Why fashion houses and luxury brands love the children of the famous

With their millions of social media followers and their instant name recognition, celebrity offspring like Willow Smith, the Stallone sisters, and Lily-Rose Depp are fronting ad campaigns and catwalk shows – although not everyone is entranced

PUBLISHED : Monday, 23 January, 2017, 5:46pm
UPDATED : Monday, 23 January, 2017, 5:45pm

They are fashion’s new celebrity aristocracy, the sons and daughters of stars who are themselves becoming the kings and queens of the catwalk shows.

From Lily-Rose Depp and Will Smith’s daughter Willow – the faces of Chanel – to the Beckham boys and Sylvester Stallone’s daughters, Sophia and Sistine, modelling for Dolce & Gabbana, celebrity offspring are luxury labels’ new not-so-secret weapon.

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With their huge followings on social media and instant name-recognition, these millennials born in the limelight have become the perfect avatars for advertising campaigns.

British actor Jude Law’s daughter Iris is the new face of Burberry, having followed her brother Rafferty into modelling. Sofia Richie, the daughter of singer Lionel Richie, Kaia Jordan Gerber, the daughter of Cindy Crawford, and even Bob Dylan’s grandson, Levi, have all embarked on catwalk careers.

Michael Jackson’s daughter, Paris, turned up in the French capital this week for a photoshoot, adding her name to a bulging celebrity model roll call that includes the daughter of Oasis singer Noel Gallagher, the son of Isabelle Adjani and Daniel Day-Lewis, the daughter of Nastassja Kinski and Quincy Jones, and the sons of Sean Penn and Pierce Brosnan.

The list is endless and seemingly inexhaustible, with marketing experts maintaining that young consumers cannot get enough of celebrity dynasties.

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You just have to look at the Kardashians to see how the model works, says Gachoucha Kretz, professor of fashion marketing at the HEC business school in Paris.

They have converted their reality television fame into fashion hard currency, with Kim Kardashian and her half-sister Kendall Jenner now established stars, their every wardrobe choice scrutinised on social media.

Brands hope to piggyback on “the popular fascination with these tribes and families”, Kretz says.

With no problem about name recognition “there is much less marketing to do”, she adds. “The associations are already created.”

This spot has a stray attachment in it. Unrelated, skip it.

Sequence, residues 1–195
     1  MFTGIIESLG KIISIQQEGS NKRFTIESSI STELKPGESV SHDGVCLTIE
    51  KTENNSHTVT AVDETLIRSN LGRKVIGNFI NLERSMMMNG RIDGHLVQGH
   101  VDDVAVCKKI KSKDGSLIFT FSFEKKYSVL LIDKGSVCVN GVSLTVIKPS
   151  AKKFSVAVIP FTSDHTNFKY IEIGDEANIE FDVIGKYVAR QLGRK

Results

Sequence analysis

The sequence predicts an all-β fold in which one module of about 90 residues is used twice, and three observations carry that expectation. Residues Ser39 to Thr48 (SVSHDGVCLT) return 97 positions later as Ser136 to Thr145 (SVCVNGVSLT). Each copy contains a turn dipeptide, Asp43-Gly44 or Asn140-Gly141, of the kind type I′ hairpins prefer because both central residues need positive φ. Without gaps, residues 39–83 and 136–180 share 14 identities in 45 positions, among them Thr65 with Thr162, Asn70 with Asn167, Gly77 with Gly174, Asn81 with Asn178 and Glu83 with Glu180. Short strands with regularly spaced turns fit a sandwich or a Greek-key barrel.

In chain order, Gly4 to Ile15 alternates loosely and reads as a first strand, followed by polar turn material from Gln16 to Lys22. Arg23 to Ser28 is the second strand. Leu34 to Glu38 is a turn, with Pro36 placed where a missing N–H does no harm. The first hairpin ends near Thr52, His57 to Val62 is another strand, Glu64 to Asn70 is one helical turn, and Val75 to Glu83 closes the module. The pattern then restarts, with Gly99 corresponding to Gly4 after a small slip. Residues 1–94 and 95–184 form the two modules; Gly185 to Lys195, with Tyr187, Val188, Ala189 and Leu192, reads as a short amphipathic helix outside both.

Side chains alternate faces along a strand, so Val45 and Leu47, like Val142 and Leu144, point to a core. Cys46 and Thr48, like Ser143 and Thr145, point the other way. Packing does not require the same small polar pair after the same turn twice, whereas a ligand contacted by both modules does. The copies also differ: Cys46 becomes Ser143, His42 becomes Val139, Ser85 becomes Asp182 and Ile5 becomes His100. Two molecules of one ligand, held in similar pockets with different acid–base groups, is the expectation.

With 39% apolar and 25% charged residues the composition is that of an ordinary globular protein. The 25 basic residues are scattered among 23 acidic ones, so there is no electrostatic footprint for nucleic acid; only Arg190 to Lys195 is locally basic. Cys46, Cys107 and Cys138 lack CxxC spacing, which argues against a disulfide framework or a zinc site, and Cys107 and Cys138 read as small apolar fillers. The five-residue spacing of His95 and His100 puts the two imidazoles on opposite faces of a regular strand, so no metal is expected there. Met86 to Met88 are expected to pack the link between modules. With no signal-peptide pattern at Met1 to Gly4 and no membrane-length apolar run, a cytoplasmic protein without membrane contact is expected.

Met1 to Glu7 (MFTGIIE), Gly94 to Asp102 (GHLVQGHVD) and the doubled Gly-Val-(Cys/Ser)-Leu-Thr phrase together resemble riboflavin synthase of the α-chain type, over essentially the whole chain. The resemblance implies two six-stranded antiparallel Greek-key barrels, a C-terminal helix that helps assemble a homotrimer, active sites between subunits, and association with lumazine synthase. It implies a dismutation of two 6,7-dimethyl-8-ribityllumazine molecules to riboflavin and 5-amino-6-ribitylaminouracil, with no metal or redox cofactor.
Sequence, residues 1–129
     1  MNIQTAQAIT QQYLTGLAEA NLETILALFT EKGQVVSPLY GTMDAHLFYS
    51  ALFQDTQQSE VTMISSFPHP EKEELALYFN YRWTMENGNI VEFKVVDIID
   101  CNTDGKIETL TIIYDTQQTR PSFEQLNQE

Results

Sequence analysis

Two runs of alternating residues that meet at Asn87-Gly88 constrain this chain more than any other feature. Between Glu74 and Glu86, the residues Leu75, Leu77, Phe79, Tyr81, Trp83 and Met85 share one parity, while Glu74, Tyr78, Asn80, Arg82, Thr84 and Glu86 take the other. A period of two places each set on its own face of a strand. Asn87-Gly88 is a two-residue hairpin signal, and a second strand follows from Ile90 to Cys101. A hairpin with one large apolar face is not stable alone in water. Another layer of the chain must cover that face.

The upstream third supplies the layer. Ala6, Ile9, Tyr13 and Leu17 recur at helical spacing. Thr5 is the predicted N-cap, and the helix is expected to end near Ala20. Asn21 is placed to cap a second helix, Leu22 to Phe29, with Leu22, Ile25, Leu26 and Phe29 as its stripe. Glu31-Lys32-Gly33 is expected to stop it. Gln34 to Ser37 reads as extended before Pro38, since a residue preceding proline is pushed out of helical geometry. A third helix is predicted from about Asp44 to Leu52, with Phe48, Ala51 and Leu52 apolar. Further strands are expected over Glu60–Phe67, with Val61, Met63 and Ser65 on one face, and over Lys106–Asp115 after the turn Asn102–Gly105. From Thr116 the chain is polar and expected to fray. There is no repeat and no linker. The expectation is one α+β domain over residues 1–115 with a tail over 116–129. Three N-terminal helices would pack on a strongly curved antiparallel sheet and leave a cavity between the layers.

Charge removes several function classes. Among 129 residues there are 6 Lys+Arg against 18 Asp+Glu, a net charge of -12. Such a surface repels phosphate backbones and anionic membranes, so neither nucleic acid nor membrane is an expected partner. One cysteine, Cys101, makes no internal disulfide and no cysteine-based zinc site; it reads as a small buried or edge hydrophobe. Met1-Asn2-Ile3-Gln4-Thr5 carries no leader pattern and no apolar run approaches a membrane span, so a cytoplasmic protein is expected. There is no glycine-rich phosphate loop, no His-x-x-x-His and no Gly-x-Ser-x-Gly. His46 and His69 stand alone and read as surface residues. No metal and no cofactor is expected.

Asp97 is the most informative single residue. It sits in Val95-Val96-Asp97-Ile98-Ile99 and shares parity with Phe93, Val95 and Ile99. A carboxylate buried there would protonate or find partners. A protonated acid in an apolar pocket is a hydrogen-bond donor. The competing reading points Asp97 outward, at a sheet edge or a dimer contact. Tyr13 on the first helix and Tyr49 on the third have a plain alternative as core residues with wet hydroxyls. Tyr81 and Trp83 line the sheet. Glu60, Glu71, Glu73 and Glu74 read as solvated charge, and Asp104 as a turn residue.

With their Instagram or Twitter endorsements of their favoured brands, they become the ultimate “influencers” to help push demand.

Aged only 17, Brooklyn Beckham has nine million followers on Instagram. After two years as a model he has branched out into fashion photography, shooting an advertising campaign for Burberry this summer that made headlines around the world.

Even fashion’s biggest players are happy to play along with the family fame game. Chanel’s Karl Lagerfeld, for instance, has hired Depp, Smith and Jenner, and taken former supermodel Ines de la Fressange’s daughter Violette d’Urso as his muse.

“The tabloids and celebrity magazines love these famous families and that assures media coverage,” says Aurore Gorius, co-author of a 2015 French book Sons and Daughters of …, which casts a critical eye on the public’s fascination with this “phenomenon of elites reproducing themselves and blocking social mobility.

“These children have grown up under the eyes of the media and we are curious what will become of them,” she says.

Trends expert Cecile Poignant, who teaches at the New School Parsons Paris, says there has been a gradual push towards the “starification of childhood” over the past 15 years.

She said it began with photographer Annie Leibovitz’s famous front cover of a naked and pregnant Demi Moore for Vanity Fair magazine.

“For a lot of models and celebrities, the child has become something of a fashion accessory, a must have,” Poignant says.

But could the omnipresence of celebrity offspring now finally lead to a backlash?

Fashion student Marie Richaud says she finds it irksome that their fame “is not based on merit but family links. It excludes.”

Even so, the 25-year-old follows several second-generation celebs on Instagram even if “she doesn’t identify with them”.

“These children who seem to have had it all give people something to dream about. But at the same time they can just as easily annoy,” says Poignant.

“Do any of them have any talent or is their name enough [to succeed]? We will have to wait and see,” she adds.